NATICK, MA–Noureen Design, an art-based family owned business run by the Noureen Sultana and Waheed Khan, is hosting its 5th Annual Chand Raat Eid Festival on June 2, 2019 at the Hampton Inn Natick MA. The event, from 6:00 pm until midnight, is free and open to the public.
Here are the details of the program:
What: Chand Raat Eid Festival
When: June 2nd, 2019
Where: Hampton Inn, Natick, MA
Who: Noureen Design, friends and families
Why: Because it’s fun! And to build bridges and share cultures
How: Free and open to the public
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“The aim of this event is to bring together people from different backgrounds under one roof and build bridges between religions and nations. It’s about building community by creating a place for people to meet and share their culture,” said Waheed Khan.
The festival is intended as a safe space for Bostonians to share cultures and to create a sense of togetherness by celebrating the traditional South Asian festival of Chand Raat (‘Night of the Moon’) — a Hindi/Urdu term that commemorates the sighting of the new moon.
Chand Raat kicks off the colorful celebrations of the Muslim festival of Eid-ul-Fitr, commemorated in South Asia in a uniquely South Asian manner. It marks the end of the Muslim month of fasting — Ramzan as South Asians call Ramadan. In Noureen and Waheed’s native India, people across religious communities, Hindus, Sikhs, Christians and others celebrate Eid with Muslim friends and neighbors.
Sighting the new moon is the signal to greet each other “Eid Mubarak” and start preparing desserts for Eid. It also heralds the last round of shopping for new clothes and jewelry. Women and girls rush to get hands decorated with mehndi (henna).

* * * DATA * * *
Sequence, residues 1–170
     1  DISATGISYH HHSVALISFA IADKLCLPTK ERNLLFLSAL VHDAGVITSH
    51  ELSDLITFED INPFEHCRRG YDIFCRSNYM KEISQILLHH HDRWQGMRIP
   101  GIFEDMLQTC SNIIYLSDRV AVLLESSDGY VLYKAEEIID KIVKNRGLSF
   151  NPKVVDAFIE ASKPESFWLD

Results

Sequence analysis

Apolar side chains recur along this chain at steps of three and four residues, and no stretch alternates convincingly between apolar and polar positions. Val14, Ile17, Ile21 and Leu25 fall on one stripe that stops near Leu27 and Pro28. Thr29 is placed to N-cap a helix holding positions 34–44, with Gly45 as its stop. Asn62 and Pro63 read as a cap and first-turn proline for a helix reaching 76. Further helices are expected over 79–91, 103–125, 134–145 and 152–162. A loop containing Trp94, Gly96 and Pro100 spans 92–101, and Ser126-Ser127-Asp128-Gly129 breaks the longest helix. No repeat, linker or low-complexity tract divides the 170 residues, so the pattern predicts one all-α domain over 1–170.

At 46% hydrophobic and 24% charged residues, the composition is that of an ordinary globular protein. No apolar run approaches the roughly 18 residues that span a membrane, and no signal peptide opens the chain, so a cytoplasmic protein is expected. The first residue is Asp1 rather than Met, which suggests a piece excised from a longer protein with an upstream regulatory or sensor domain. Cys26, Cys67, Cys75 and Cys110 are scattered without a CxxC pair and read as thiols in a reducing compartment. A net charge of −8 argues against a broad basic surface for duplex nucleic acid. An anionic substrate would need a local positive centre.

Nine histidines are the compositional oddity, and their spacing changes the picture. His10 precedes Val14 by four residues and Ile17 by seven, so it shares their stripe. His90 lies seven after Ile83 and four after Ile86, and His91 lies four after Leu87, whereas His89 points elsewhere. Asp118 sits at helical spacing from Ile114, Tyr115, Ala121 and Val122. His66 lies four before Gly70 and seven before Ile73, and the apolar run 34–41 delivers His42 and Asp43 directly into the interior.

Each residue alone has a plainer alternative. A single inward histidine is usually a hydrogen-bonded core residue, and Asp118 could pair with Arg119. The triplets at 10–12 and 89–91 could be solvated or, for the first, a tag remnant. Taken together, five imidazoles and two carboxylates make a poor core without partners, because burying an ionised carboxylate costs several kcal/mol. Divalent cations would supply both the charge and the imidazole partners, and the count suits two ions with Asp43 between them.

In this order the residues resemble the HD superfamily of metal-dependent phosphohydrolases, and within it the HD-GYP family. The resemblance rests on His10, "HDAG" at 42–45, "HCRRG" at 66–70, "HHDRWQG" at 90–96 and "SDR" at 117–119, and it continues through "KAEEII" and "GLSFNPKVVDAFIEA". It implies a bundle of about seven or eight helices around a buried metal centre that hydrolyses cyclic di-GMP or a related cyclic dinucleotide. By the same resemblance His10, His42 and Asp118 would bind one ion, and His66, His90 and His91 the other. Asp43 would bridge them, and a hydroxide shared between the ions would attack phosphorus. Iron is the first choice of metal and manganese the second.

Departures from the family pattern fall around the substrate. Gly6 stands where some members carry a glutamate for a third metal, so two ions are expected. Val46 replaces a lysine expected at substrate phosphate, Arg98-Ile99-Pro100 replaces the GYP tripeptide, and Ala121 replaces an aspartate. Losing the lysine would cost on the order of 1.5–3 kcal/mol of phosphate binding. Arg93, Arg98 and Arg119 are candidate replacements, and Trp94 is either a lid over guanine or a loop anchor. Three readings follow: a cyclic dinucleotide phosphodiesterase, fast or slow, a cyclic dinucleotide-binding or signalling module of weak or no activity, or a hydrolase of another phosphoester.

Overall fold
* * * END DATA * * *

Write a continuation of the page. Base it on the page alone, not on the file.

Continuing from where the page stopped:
Henna application, an intricate ceremonial body art form of temporary tattoos, is common to many cultures, particularly in the Middle East and South Asia. Applied on celebratory occasions such as weddings and births, it symbolizes good luck and prosperity for the future.
Their first Chand Raat Eid Festival in 2012 drew around 200 people. Last year, nearly 2,300 Bostonians participated in the event. The Noureen Design team, which now includes the couple’s sons Danish, 15, and Mahid, 11, expects even more people to attend the upcoming event on June 2nd this year.
There will also be an array of food and drink for sale as well as a dazzling range of clothing and jewelry items by a variety of vendors.
The event highlight is traditionally the mehndi (henna) application. Wielding cones like those used for icing cakes, Noureen and her team deftly apply mehndi, “painting” delicate floral and other designs onto clients’ hands.
Representing the fourth generation of Artists in her family, Noureen herself learned the art at a very young age from her mother Zaheer Unisa Begum, who in turn mastered the practice under the guidance of her own mother, Mahmooda Khatoon. It took Noureen nearly three years to learn it. A trained architect, she never thought of doing it as a business while in India.
Nor did she expect her American-born sons to develop a passion for it, though she was keen for them to know their culture. Watching her and helping at Noureen Design events, the boys not only love henna but have learnt to apply it.
Breaking gender stereotypes, their participation makes for an extraordinary aspect of the family business. Danish wants to be an engineer and Mahid wants to be a doctor. But they also love skillfully and spontaneously decorating dozens of hands at such events – and drawing a crowd of spectators surprised to see boys applying henna.
Another breakaway from tradition is henna-painting on canvas that Noureen pioneered, introducing it as a new art form some years ago with her intricately designed henna painted canvases.
Waheed, an accountant by profession, migrated to Boston from his native India in 2001. Noureen joined him the following year after their wedding. When she came here, she found there was no one to do skillful henna applications. “When a bride gets married, this is one of the most important things,” she says.
The couple launched Noureen Designs in 2005 to enable Noureen to continue her art and cater to the growing market for henna design, encouraged by an increasing interest in diversity and multi-culturalism.